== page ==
I had a few very frightening episodes over a number of years. The first was terrifying – I had flown from Adelaide to Sydney then to Fiji. Too little sleep, too much food and wine. I woke up in the middle of the night , I swear I was a foot off the bed- fireworks, big bang – palpitations and panic. Over the years I have had more episodes but nothing for about 12 months. I have sleep apnea (wasn’t diagnosed at that time). Saw a neurologist about a year ago, paid a fortune – nothing since!

  4. Cherry Reply

    I experienced exploding head sounds when I was on Xyrem (a medication to treat narcolepsy cataplexy) this only happened when I was sleep walking, it caused me to wake up in a very confused state. I would feel an extremely loud buzzing in myhead along with a blinding flash of light. The explosions stopped after Xyrem was discontinued by my doctor due to sleep walking accidents and injuries.

  5. Terence Reply

    I had this happen last night, its not the first time. Within moments of falling asleep, I hear fizzing, see bright flashing lights. I also feel like someone is pulling the bedding off of me. The worse is the jerking movements and pulsating lobes. I also feel i cannot move as i try to awake, what seems like a polar opposite of the real life surroundings, fighting to open my eyes but seeing if that makes sense? I tend to get up, albeit confused hot and sweaty with palpitations. I have issues sleeping as i tend to wake up probably 50 times a night or more. I have seen a doctor to be diagnosed with sleep apnea, but do think that is a cause as i am a horrendous snorer. I installed an app on phone that records sleep patterns by recording the breaks in silence and the noise of gasping for air and my ex- partner had even told me i stop breathing for long periods and then start up again. Hearing it for myself it sounds pretty horrific. Regarding the buzzing and fizzing and flashing lights, it is random and starts almost as soon as i drift off, it happens often and can start again quickly even when I go back to sleep within that period. Its quite scary.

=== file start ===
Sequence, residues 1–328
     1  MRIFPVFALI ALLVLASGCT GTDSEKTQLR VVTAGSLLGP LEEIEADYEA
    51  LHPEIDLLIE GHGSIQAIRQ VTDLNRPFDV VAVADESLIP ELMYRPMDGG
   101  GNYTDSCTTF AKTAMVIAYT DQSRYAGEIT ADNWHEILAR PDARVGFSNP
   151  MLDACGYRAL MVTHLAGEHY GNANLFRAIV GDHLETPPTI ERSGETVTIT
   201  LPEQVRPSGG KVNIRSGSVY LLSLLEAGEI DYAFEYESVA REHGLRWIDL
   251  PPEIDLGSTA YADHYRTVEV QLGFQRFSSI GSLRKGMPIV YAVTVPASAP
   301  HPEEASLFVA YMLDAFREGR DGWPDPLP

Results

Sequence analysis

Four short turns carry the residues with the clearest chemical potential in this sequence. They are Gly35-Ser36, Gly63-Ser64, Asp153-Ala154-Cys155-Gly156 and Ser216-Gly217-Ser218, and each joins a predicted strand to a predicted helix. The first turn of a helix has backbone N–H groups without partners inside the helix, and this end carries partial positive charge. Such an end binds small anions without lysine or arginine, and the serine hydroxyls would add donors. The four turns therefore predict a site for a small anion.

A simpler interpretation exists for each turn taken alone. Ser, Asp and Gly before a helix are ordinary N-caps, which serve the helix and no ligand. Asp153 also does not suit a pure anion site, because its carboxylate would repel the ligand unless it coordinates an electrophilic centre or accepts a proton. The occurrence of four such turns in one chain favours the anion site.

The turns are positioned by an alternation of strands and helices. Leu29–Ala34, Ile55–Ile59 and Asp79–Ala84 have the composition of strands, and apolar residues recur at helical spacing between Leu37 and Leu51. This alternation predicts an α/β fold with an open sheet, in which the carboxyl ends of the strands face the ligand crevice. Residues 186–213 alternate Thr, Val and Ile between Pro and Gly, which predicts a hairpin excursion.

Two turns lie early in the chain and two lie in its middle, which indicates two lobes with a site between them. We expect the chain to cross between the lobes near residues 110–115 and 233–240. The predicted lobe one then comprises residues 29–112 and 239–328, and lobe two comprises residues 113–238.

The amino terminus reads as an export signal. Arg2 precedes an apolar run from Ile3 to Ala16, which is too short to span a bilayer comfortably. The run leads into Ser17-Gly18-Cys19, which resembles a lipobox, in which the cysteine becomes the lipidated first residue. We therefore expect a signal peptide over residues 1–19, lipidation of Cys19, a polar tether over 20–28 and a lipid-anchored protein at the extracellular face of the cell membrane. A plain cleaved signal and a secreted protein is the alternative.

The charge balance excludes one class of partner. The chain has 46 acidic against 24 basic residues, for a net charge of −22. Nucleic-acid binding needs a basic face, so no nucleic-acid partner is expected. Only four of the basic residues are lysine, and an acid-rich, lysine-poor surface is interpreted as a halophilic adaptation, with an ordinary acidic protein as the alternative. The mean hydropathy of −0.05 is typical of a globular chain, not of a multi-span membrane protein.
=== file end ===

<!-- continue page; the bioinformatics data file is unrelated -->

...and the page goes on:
6. Joel Duran Reply